A threat actor using Iranian-language tools, Iranian hosting companies, operating from the Iranian IP space at times was observed targeting the Syrian opposition in an elaborately staged malware operation, Citizen Lab researchers reveal.
The operation was first noticed in late 2015, when a member of the Syrian opposition flagged a suspicious email containing a PowerPoint slideshow, which led researchers to a watering hole website with malicious programs, malicious PowerPoint files, and Android malware.
The threat actor was targeting Windows and Android devices of well-connected individuals in the Syrian opposition, researchers discovered. They called the actor Group5, because it targets Syrian opposition after regime-linked malware groups, the Syrian Electronic Army, ISIS (also known as the Islamic State or ISIL), and a group linked to Lebanon did the same in the past.
To conduct its attacks, the group uses social engineering, as it “borrows opposition text and slogans for e-mail messages and watering holes,” Citizen Lab researchers say. The group’s technical quality, however, is low, and researchers suggest that they identified the actor early in its lifecycle, before it could launch a full campaign using the malware it staged and prepared.
The group is believed to be state-sponsored, at least in some form, though it’s yet unclear which state is behind it. However, Citizen Lab researchers reveal that Group5 is likely a new entrant in Syria, and that there is “only circumstantial evidence pointing to an Iranian nexus.” Yet, the group’s activity shows that Syrian opposition is facing continuing information security risks.
The investigation was triggered by a suspicious email received in early October 2015 by Noura Al-Ameer, a well-connected Syrian opposition political figure, which was sent from the same IP address that hosted the command and control (C&C) server the malware inside it was connecting to.
The email was sent from an address on assadcrimes[.] info, a website found to be distributing other malicious files, including a . ppsx and a .exe. The PPSX documents, for example, were found to be leveraging the CVE-2014-4114 vulnerability to drop and execute malicious code, but also to execute OLE objects using animation actions within a PowerPoint slideshow.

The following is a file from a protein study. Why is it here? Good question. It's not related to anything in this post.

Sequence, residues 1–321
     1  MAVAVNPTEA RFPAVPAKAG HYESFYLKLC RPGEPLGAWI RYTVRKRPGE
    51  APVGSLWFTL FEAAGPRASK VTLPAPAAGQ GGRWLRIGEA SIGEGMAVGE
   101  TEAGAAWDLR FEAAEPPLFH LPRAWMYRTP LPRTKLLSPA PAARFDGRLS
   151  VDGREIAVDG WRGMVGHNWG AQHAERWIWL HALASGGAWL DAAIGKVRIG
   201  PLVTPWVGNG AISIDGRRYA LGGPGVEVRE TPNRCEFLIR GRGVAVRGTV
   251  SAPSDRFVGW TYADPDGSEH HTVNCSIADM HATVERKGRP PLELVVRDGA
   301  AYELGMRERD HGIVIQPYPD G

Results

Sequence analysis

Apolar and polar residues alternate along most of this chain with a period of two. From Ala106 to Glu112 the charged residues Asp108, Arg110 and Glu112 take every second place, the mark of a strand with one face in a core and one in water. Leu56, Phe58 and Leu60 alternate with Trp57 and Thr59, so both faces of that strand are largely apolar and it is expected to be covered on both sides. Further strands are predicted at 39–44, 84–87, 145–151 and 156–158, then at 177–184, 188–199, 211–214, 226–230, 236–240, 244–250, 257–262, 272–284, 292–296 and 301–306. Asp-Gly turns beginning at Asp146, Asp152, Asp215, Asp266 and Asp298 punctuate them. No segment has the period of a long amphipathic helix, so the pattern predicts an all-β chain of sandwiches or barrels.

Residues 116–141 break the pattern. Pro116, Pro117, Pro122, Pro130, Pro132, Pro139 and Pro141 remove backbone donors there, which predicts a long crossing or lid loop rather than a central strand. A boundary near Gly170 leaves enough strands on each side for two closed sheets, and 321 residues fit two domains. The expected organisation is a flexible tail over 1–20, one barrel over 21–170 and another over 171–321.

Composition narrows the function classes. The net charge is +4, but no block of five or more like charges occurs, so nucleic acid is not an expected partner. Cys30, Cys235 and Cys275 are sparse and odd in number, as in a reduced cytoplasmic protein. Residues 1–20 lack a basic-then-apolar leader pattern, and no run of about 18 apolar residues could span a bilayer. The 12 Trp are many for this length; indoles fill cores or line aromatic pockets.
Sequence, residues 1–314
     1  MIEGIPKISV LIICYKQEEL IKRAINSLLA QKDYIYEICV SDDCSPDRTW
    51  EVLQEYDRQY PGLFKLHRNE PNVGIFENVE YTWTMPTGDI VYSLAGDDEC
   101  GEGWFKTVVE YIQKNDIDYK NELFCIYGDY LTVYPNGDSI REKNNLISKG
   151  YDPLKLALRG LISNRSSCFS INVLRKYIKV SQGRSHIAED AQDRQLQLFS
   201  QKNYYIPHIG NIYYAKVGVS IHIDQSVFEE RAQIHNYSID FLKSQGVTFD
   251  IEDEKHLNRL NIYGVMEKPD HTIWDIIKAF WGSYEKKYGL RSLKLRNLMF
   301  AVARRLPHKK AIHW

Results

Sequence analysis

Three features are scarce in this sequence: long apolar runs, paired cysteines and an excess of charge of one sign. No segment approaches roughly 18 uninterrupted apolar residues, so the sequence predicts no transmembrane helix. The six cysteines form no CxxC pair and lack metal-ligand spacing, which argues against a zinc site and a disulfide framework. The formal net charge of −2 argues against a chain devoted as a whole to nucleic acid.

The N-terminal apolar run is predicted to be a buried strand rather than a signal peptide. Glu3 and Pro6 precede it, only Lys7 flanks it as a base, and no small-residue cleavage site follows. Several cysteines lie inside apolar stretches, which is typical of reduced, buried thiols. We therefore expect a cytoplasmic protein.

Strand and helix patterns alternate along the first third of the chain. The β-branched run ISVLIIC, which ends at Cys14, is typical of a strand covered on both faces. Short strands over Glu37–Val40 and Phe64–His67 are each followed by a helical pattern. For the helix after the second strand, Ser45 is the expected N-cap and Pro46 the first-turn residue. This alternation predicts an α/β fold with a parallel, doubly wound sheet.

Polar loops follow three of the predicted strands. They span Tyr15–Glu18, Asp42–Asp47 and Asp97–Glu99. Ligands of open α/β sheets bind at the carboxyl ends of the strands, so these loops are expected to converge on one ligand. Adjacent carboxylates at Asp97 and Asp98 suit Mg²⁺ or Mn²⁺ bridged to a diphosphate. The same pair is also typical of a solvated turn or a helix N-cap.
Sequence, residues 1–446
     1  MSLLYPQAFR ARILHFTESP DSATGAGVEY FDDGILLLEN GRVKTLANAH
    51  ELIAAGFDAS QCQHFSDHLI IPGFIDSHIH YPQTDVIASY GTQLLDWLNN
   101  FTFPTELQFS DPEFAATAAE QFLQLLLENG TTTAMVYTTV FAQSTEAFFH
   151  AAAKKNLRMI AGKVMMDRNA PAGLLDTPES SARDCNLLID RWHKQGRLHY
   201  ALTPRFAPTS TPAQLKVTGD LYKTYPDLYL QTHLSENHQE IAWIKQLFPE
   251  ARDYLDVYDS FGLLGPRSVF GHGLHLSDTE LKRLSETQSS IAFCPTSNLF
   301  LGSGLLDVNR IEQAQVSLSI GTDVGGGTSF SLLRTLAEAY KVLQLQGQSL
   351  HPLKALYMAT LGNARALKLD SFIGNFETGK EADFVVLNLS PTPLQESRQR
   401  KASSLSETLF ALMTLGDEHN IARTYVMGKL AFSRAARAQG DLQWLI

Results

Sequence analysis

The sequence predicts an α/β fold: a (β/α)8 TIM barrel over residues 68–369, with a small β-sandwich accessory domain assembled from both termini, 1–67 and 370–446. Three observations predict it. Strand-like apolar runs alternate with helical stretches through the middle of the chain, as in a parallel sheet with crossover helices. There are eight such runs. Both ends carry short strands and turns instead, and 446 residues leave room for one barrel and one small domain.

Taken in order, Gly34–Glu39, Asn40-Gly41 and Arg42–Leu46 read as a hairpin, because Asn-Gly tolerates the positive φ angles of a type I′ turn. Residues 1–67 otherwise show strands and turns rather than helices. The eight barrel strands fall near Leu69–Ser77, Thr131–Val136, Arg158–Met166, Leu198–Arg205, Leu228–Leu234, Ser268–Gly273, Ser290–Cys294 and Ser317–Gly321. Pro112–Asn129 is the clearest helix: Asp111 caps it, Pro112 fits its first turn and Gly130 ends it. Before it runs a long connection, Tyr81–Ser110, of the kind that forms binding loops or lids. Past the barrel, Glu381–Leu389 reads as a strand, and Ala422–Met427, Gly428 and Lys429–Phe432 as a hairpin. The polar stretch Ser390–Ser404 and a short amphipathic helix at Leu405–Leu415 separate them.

Researchers also discovered that the group was employing two commonly available Remote Access Trojans (RATs): njRat and NanoCore RAT for its nefarious operations. The binaries were delivered hidden under several layers of obfuscation to reduce the possibility of detection by antivirus software.
The two malware variants were used to collect data from the compromised machines, to keep an eye on the victim’s screen, or capture passwords and keystrokes. They were also used to remotely delete files and even to spy on the computer user via the microphone or webcam.
In addition to these malicious applications for Windows, the assadcrimes[.]info website also contained a decoy Flash Player update page that linked to a piece of Android malware called DroidJack. The Trojan, which evolved from a piece of malware called SandroRAT, was recently used in a global attack, hidden inside a fake Pokémon GO application.
The Trojan was created to capture messages, contacts, photos and other data from the infected Android device, as well as to remotely activate the phone camera and microphone, without notifying the victim. The use of this malware isn’t surprising, researchers say: “It is common for Syrians to share Android APK files outside the Google Play Store, as Google Play Services are not available within Syria.”
Because the assadcrimes[.]info operators left a folder containing the website logs public, researchers were able to identify the IP addresses used by Group5 while developing the site, though they couldn’t conclusively identify victims’ IPs. During the site’s early development in the first half of October, it was accessed hourly from an Iranian IP block. The operators also accessed the site from the malware’s C&C server, Citizen Lab says.
“These links provide evidence for an Iranian nexus, and suggest that the operator may have been taking steps to conceal their true origin IP. However, these steps were not well executed, which enabled us to track Group5 as they continued to access the site,” researchers reveal. According to them, however, the threat actor appears to have abandoned the site after New Year, following a flurry of activity in October 2015.
According to researchers, there is also the possibility that a known group was behind all this operation and that a key piece that was missing from the puzzle prevented the investigators from making the correct associations, although the tools used to obfuscate the RATs link the group to known threat actors (Mr. Tekide) and tools (the PAC Crypt tool).
“We cannot conclude with certainty that Group5 is Iran-based, although the confluence of information outlined above provides a circumstantial case. The IP addresses observed during early stages of development of the Assadcrimes website, as well as the Iranian hosting provider and the Persian language mailer, all speak to a level of Iranian presence. The additional apparent involvement of an Iranian malware developer with ties to a known Iranian cyber actor, whether his involvement was unwitting or intentional, only strengthens the Iranian connection,” researchers say.
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